Second, the idea behind the Trump-Netanyahu Iranian-Palestinian win-win appears to be, from the Israeli standpoint, to paint Netanyahu as a wise global statesman who deserves to be reelected.
Here, by way of taking this seriously, is Yediot Aharonot’s Ben Dror Yemini, a right-of-center commentator and occasional Netanyahu skeptic: “With the passage of time it seems that just possibly there is something in the deal of the century. Circumstances keep changing. The enemy of most of the Arab world is Iran, not Israel. Israel is becoming a strategic ally. . . . Criticism of the Palestinians in the Arab world is becoming more severe. . . . Slowly, too, the outlines of the deal of the century are becoming clear. Not just the economic plan launched in Bahrain. At the political level the idea is not for a [Palestinian] state, but autonomy. That’s what was revealed recently by David Friedman, who is not just US ambassador to Israel but a member of the team working on the plan.”
Q. So some Israelis are beginning to take the Iran connection seriously. But how does Netanyahu’s election effort benefit from Trump’s autonomy plan for Palestine--a scheme that not only the Palestinians but the entire Arab world reject?
A. Last week, in an extraordinary move, Netanyahu’s transition-government Cabinet
unanimously approved the construction of 700 housing units for Palestinians in Area C of the West Bank. Area C,
encompassing nearly 60 percent of the West Bank, is completely controlled by Israel, which builds and expands
Jewish settlements there. Israel definitely is not in the business of building homes for the 200,000 or so
Palestinians who live there. On the contrary, on occasion it destroys Palestinian homes, for example at Wadi
al-Humus adjacent to the East Jerusalem neighborhood of Sur Bahr two weeks ago.
To placate some of his more extreme Cabinet members from the ultra-nationalist messianic right, Netanyahu also proposed, and they approved, construction of 6,000 more units in Area C Jewish settlements. But still, why approve new Palestinian homes in that major part of the West Bank that Israel controls?
Q. And why now, at election time, when Netanyahu needs votes from settlers and those who advocate Israeli annexation of the West Bank?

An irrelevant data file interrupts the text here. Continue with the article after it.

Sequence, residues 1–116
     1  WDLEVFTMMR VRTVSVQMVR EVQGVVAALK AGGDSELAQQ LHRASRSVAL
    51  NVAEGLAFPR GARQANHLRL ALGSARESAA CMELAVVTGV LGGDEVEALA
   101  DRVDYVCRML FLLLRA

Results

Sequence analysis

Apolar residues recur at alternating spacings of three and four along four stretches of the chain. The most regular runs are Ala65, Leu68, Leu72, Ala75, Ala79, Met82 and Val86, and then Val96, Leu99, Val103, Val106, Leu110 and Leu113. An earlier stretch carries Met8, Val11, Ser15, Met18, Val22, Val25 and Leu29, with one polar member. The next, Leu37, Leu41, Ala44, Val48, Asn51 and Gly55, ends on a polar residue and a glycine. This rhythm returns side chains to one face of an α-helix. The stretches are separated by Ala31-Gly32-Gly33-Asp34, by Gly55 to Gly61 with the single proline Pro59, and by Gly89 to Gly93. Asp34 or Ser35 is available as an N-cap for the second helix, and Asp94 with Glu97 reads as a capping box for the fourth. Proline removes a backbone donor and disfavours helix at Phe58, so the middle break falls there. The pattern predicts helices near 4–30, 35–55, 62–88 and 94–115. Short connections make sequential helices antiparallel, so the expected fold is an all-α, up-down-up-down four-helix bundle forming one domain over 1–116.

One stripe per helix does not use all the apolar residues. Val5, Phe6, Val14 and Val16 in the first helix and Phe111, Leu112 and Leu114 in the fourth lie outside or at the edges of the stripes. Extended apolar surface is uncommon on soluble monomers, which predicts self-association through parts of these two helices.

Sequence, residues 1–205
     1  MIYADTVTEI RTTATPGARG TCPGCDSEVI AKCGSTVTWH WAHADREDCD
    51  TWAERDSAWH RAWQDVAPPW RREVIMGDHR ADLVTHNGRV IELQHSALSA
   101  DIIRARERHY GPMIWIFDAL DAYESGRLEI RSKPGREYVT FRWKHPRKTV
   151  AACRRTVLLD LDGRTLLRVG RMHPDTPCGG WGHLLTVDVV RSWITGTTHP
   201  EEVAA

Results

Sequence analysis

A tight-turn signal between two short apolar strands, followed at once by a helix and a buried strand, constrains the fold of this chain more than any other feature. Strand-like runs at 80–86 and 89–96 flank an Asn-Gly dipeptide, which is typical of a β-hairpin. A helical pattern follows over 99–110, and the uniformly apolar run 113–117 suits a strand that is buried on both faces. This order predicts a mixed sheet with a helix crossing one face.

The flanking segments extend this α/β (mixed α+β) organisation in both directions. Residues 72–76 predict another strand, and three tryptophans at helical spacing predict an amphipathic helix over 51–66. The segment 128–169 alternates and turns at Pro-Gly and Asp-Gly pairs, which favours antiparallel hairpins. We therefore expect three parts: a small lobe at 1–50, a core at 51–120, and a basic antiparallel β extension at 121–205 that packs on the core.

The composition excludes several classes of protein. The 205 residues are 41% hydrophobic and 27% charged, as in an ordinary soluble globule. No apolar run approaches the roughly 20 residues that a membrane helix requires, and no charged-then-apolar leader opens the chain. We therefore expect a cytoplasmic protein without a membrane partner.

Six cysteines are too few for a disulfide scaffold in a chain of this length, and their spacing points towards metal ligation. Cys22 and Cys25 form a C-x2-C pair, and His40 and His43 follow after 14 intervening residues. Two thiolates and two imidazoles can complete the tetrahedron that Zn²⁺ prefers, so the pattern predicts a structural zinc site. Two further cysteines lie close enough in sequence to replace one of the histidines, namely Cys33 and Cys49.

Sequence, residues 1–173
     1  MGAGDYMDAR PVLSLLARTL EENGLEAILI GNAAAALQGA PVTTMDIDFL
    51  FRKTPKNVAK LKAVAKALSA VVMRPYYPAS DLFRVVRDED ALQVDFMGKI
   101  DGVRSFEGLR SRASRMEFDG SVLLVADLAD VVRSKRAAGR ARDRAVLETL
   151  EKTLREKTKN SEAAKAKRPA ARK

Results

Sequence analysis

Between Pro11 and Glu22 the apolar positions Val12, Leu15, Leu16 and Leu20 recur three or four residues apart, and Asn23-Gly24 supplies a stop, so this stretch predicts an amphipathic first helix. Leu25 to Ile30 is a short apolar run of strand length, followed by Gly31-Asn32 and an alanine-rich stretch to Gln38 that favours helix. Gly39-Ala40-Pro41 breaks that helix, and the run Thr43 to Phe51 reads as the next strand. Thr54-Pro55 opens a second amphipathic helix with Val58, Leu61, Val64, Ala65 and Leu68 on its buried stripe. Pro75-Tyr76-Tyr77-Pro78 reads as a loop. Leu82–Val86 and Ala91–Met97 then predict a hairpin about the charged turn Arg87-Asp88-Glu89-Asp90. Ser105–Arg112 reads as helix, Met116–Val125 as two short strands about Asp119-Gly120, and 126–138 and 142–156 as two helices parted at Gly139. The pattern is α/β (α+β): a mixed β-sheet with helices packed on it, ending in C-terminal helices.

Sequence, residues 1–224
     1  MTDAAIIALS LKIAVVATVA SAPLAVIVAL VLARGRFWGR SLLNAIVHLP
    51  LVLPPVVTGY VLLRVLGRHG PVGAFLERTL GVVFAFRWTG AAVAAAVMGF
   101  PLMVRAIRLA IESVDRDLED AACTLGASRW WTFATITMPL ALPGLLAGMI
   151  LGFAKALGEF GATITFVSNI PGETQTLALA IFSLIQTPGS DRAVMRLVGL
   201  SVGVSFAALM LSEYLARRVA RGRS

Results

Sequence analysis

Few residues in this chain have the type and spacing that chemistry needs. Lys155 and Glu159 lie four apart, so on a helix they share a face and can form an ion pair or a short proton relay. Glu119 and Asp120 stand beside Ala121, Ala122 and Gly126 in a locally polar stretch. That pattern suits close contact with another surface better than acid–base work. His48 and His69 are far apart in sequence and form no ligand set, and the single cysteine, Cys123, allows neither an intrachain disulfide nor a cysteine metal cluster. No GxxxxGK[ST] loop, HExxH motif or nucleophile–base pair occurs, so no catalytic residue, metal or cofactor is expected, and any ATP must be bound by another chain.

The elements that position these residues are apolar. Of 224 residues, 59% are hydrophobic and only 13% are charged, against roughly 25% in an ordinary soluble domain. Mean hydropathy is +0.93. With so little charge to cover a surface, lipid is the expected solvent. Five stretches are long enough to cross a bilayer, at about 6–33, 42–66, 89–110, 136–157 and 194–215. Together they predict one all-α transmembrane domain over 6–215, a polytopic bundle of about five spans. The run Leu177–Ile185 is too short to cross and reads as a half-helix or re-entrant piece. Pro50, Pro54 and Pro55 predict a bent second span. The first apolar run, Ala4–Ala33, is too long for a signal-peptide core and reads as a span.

A. Here is the narrative that Netanyahu presumably sold to his ministers. President
Trump, the greatest ally we have ever had in the White House, needs a gesture from us to show that we care about
the welfare of Area C Palestinians. After all, when under Trump’s deal of the century plan we annex Area C, these
people will become Israeli citizens. We also need to make a gesture that will show the Europeans, our most
important critics on the Palestinian issue (they are, after all, our biggest trading partner, not the US), that we
don’t just dismantle Palestinian homes in Area C--we also build homes. Of course, it will take years to plan and
build these dwellings and a lot can change in the meantime.
What do we get in return for this decision? First, Trump’s blessing for holding on to Area C with its tiny Palestinian population and limiting the 2.5 million or so Palestinians in the rest of the West Bank (areas A and B) to “expanded autonomy”. And second, Trump is engineering closer security relations between Israel and the Gulf Arabs.
Q. Sounds too good to be true. . .
A. It is, for three reasons. To begin with, the most moderate West Bank Palestinians
will not acquiesce in autonomy. They will either continue their struggle for a state in all of the West Bank and
East Jerusalem, or gravitate to a demand for equal rights in an Israel that ceases to be democratic because it is
an apartheid state.
Then too, no Arab state will actively endorse a Trump-backed ‘deal’ that falls short of a two-state solution. Some of the Gulf principalities will continue to cooperate strategically with Israel and adopt a passive role toward the Palestinians. But none will view this ‘solution’ as a rationale for upgrading relations with Israel. Kushner should read the lips of Arab leaders; most are explicit and outspoken on this.
Finally, when push comes to shove and Israel finds itself locked in a serious military conflict with Iran to its north and conceivably with Iran-backed forces in Gaza, it will have no active Arab military allies. The Saudis have already demonstrated in Yemen that militarily they are paper tigers. Israel’s strategic ties with the Gulf Arabs will prove meaningless. No, on second thought, the Gulfies will happily serve as cheerleaders for an Israeli military effort against Iran--down to the last Israeli.
Note, in this connection, that the only serious Gulf Arab military power, the United Arab Emirates, is giving up on the Yemen fight and withdrawing. And so fleeting is UAE confidence in the US as an ally against Iran in the Gulf that Abu Dhabi has initiated new strategic discussions over Gulf security with the Iranians in Tehran.
But if gullible Israelis and Americans are impressed by these ‘win-win’ schemes, then both Netanyahu and Trump will benefit electorally. The rest is unimportant to the two. That the Trump-Netanyahu scheme is liable, like previous misguided and failed American interventions in the Palestinian issue (Camp David in 2000, Kerry’s mediation in 2014), to lead to renewed Palestinian-Israeli conflict, is peripheral. No one will make the connection. And if someone tries, she/he will be labeled a lefty and a purveyor of fake news.
Besides, it’s just the future of Israel as a Zionist democracy that’s at stake.